Patient outcomes cannot be improved by the medical system alone. Patients and their families must become engaged in their own health and learn how to more effectively utilize primary care and community-based supports. The Bridge Model is relationship-based, patient-centered approach to intervening with discharged patients. In addition to the intervention itself, model training also focuses on operational workflow redesign, performance dashboarding, and effective administration tools to ensure longevity and sustainability.
Bridge is driven by master’s-prepared social workers who meaningfully engage the patient by getting to know their strengths and preferences. These care coordinators then leverage this relationship as they play quarterback in the patient’s care – identifying unresolved needs and connecting relevant post-acute providers to resolve gaps in care. Throughout the intervention, Bridge care coordinators integrate psychotherapeutic techniques in order to engage patients and families and improve their self-efficacy.
Though the Bridge model is largely implemented by social workers, many other disciplines have also been trained since 2005, including nurses, community health workers, case managers, and administrators.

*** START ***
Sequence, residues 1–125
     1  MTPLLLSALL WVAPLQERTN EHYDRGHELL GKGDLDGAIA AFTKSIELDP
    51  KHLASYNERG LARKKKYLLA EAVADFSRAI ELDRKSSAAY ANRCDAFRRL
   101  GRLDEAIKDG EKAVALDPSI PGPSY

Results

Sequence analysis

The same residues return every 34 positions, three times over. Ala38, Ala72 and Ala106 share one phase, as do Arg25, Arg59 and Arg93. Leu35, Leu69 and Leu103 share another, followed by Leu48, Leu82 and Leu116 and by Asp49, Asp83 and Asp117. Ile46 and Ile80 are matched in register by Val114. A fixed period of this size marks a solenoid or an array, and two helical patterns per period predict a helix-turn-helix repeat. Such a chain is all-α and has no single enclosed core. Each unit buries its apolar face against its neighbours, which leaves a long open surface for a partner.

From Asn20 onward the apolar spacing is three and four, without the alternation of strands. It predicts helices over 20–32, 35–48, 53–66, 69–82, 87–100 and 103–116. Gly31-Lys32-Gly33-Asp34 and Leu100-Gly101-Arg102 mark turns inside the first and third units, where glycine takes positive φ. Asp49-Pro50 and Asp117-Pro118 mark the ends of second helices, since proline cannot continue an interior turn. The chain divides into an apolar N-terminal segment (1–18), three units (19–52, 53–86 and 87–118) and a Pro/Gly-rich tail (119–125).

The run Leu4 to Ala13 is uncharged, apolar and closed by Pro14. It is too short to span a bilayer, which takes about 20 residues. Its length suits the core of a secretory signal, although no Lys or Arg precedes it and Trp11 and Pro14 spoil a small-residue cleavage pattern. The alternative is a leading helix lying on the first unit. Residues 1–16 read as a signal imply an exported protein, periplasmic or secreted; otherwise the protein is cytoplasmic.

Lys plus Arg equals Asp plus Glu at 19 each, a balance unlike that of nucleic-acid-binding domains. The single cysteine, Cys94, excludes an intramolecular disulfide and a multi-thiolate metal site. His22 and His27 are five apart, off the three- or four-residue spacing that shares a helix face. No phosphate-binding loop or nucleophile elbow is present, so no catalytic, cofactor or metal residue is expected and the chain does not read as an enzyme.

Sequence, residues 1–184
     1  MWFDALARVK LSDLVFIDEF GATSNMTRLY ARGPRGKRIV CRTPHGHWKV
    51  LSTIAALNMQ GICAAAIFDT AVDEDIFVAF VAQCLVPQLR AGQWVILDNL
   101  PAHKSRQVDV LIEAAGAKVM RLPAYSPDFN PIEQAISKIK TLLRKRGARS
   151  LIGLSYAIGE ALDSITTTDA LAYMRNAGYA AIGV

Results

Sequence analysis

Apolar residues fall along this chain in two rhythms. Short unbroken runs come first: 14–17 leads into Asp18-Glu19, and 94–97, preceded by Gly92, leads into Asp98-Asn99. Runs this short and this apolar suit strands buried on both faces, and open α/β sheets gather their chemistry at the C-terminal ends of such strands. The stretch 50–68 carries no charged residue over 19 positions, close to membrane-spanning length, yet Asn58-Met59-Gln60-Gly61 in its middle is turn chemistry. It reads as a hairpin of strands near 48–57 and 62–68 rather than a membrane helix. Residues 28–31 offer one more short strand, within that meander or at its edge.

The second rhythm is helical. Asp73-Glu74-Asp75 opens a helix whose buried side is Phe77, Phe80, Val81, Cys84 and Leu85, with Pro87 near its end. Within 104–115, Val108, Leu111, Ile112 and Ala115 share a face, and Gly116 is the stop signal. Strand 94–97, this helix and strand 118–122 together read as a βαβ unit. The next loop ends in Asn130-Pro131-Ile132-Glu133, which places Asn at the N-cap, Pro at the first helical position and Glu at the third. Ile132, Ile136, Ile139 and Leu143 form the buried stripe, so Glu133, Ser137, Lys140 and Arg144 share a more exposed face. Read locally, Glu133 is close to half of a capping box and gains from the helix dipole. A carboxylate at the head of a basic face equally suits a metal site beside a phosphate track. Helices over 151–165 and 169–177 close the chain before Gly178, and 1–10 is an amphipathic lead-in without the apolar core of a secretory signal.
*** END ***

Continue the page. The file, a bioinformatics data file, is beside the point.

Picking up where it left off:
4 categories of tools help ensure quality and fidelity:
Daily intervention and fidelity
Key information at a glance
Focus on continuous improvement
Effective model management
Bridge serves adults 18 and over with complex chronic health and social needs, as well as their caregivers. Subpopulations served with Bridge with past or ongoing evaluations, include:
- Older adults and caregivers
- Medicaid beneficiaries
- Patients with cognition decline, dementia, Alzheimer’s
- Patients discharged from SNFs
- Patients discharged with home health
- Hospice patients
Over 100 sites have been trained in the bridge intervention including:
- Hospitals and hospital systems
- Community based organizations
- Community health centers
- Home health agencies
- Skilled nursing facilities